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The costs of mischoosing are not uniform across individuals

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Matching habitat choice is a particular form of habitat selection based on self?assessment of local performance that offers individuals a means to optimize the match of phenotype to the environment. Despite the advantages of this mechanism in terms of increased local adaptation, examples from natural populations are extremely rare. One possible reason for the apparent rarity of matching habitat choice is that it might be manifest only in those segments of a population for which the cost of a phenotype–environment mismatch is high. To test this hypothesis, we used a breeding population of sockeye salmon (Oncorhynchus nerka) exposed to size-dependent predation risk by bears, and evaluated the costs of mischoosing in discrete groups (e.g. male versus females, and ocean?age 2 versus ocean?age 3) using reproductive life span as a measure of individual performance. Bear preference for larger fish, especially in shallow water, translates into a performance trade-off that sockeye salmon can potentially use to guide their settlement decisions. Consistent with matching habitat choice, we found that salmon of similar ocean?age and size tended to cluster together in sites of similar water depth. However, matching habitat choice was only favoured in 3?ocean females – the segment of the population most vulnerable to bear predation. This study illustrates the unequal relevance of matching habitat choice to different segments of a population, and suggests that ‘partial matching habitat choice' could have resulted in an underestimation of the actual prevalence of this mechanism in nature. informacion[at]ebd.csic.es: Camacho & Hendry (2020) Matching habitat choice: it's not for everyone. Oikos DOI 10.1111/oik.06932


https://onlinelibrary.wiley.com/doi/full/10.1111/oik.06932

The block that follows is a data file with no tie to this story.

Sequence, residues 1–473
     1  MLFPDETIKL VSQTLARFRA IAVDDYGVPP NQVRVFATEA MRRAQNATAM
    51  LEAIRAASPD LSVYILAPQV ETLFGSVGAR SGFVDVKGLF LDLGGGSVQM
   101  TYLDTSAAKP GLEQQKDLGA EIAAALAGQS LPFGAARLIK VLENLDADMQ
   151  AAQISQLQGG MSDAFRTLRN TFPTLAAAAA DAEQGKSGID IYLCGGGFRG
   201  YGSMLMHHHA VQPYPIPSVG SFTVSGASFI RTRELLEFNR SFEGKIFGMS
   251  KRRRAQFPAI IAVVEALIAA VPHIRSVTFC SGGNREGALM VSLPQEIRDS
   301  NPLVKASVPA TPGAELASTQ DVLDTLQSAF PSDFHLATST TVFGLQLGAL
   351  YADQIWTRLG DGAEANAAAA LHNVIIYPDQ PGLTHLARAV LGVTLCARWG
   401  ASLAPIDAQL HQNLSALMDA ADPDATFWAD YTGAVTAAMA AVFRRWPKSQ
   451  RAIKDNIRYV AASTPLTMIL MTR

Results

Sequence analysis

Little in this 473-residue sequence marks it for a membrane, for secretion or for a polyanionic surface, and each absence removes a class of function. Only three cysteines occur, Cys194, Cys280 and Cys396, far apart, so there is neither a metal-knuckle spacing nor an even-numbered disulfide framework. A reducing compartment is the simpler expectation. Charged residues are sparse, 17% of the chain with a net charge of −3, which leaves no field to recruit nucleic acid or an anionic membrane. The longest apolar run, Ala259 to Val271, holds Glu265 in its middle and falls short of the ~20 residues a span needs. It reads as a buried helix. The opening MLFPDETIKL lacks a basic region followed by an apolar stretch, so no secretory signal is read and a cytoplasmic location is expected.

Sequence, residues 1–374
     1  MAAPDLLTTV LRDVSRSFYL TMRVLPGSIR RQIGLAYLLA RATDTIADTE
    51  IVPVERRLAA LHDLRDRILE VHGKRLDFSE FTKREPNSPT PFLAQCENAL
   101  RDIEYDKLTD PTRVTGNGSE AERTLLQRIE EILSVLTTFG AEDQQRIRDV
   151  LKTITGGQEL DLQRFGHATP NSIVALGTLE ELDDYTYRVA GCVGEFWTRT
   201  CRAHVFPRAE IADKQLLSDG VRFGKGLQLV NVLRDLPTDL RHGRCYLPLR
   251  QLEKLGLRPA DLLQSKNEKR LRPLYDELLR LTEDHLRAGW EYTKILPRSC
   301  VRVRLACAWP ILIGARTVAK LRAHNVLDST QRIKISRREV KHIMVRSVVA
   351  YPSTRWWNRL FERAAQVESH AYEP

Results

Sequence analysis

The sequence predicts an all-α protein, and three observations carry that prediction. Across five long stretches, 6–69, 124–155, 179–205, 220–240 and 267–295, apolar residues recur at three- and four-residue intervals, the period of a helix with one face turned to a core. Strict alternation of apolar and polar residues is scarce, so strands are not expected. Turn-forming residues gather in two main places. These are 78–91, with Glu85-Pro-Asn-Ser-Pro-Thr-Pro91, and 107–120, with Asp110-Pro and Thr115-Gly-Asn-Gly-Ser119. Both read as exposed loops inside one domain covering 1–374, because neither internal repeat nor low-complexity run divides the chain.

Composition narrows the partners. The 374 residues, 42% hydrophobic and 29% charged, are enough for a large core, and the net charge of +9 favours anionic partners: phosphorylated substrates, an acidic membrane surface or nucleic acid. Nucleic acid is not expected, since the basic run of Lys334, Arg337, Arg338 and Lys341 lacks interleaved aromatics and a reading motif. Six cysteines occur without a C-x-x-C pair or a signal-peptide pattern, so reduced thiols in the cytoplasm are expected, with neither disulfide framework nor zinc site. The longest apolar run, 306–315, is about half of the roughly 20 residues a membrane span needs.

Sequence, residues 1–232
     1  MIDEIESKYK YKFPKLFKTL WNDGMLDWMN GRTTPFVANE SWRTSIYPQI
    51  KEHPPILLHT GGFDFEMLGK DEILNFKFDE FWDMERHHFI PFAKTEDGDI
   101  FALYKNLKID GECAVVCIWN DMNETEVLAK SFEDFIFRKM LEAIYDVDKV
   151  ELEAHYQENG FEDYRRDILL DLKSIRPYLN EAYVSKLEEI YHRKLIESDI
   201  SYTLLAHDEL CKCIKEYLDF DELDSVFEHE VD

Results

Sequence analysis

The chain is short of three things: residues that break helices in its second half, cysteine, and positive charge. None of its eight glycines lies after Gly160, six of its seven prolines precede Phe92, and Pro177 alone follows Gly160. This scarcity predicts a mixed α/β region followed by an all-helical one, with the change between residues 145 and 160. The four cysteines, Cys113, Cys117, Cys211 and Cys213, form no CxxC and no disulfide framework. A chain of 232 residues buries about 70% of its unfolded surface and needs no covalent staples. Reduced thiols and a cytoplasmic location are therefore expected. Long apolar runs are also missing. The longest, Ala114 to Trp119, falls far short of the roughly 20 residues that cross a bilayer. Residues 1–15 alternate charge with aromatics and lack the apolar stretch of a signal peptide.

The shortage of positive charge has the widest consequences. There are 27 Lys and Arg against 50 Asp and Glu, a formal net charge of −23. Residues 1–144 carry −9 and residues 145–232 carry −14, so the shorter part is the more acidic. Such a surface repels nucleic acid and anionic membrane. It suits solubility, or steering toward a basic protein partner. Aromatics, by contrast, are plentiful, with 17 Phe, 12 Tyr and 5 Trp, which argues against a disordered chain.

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Complexity of translation of research outputs to society

Complexity of translation of research outputs to society

Researchers in multiple, related fields that address complex social and environmental challenges, have shown ongoing enthusiasm for applying transdisciplinary social-ecological systems research to promote sustainability. However, few studies have evaluated the effectiveness of social-ecological systems approach, assessed its achievements, and identified challenges to its implementation toward knowledge production for environmental conservation. Here, the results of a qualitative, participatory evaluation of several social-ecological systems projects across Europe are reported, using an evaluation methodology tailored to transdisciplinary projects. Sixty-six stakeholder interviews were conducted at four designated Long-Term Socio-ecological Research (LTSER) platforms – Danube Delta and Braila Island (Romania); Cairngorms (Scotland); and Doñana (Spain). Using qualitative analysis, data from interviews were synthesized and then researchers returned to the sites to present findings to stakeholders in focus group discussions in order to incorporate their feedback into conclusions. Although particular scientists at each platform have taken on entrepreneurial roles to operationalize transdisciplinary science, a business-as-usual attitude tends to dominate institutions, limiting meaningful progress toward transdisciplinary objectives, including: integration of social science research, giving non-researcher stakeholders a more meaningful role in advancing relevant research, and improving knowledge exchange among different stakeholder groups, among other issues. This evaluation reflect modest advancements toward reaching the goals of long-term, place-based, social-ecological systems research. In most cases, the components for creating dynamic "research-implementation spaces" are present: a charismatic leader, high-quality research institutions, relationships with stakeholders, and ongoing monitoring, research, and traditional knowledge on a variety of place-based topics. However, creating links, tools, communication, and coordination among these essential parts so that they constitute effective application of scientific knowledge to address societal challenges in environmental sustainability presents many challenges. In short, while all the components of transdisciplinary social-ecological systems research exist at the sites, there is no overarching strategy to link long-term planning and funding, knowledge integration, and priority-setting with stakeholders to ensure the relevance of research for policy and practice. informacion[at]ebd.csic.es: Holzer et al (2019) Evaluating transdisciplinary science to open research-implementation spaces in European social-ecological systems. Biol Conserv 238 DOI 10.1016/j.biocon.2019.108228


https://www.sciencedirect.com/science/article/pii/S0006320719305397?via%3Dihub#abs0005